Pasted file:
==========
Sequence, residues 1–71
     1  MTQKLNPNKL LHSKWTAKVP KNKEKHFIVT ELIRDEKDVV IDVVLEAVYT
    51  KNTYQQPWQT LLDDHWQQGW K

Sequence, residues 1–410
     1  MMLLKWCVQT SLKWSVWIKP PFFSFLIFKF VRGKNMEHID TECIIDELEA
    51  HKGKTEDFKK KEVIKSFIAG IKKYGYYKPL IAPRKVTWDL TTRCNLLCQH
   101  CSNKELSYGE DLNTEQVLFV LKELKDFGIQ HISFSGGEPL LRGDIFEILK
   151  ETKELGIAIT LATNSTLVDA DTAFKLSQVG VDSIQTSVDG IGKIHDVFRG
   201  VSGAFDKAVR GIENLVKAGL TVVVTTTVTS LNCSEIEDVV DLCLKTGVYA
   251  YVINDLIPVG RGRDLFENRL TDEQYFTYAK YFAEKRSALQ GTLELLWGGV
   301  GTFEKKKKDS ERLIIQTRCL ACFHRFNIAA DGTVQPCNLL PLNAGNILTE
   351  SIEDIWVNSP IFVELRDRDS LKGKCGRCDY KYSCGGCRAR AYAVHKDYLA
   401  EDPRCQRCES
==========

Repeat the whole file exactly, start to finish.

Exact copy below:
Sequence, residues 1–71
     1  MTQKLNPNKL LHSKWTAKVP KNKEKHFIVT ELIRDEKDVV IDVVLEAVYT
    51  KNTYQQPWQT LLDDHWQQGW K

Sequence, residues 1–410
     1  MMLLKWCVQT SLKWSVWIKP PFFSFLIFKF VRGKNMEHID TECIIDELEA
    51  HKGKTEDFKK KEVIKSFIAG IKKYGYYKPL IAPRKVTWDL TTRCNLLCQH
   101  CSNKELSYGE DLNTEQVLFV LKELKDFGIQ HISFSGGEPL LRGDIFEILK
   151  ETKELGIAIT LATNSTLVDA DTAFKLSQVG VDSIQTSVDG IGKIHDVFRG
   201  VSGAFDKAVR GIENLVKAGL TVVVTTTVTS LNCSEIEDVV DLCLKTGVYA
   251  YVINDLIPVG RGRDLFENRL TDEQYFTYAK YFAEKRSALQ GTLELLWGGV
   301  GTFEKKKKDS ERLIIQTRCL ACFHRFNIAA DGTVQPCNLL PLNAGNILTE
   351  SIEDIWVNSP IFVELRDRDS LKGKCGRCDY KYSCGGCRAR AYAVHKDYLA
   401  EDPRCQRCES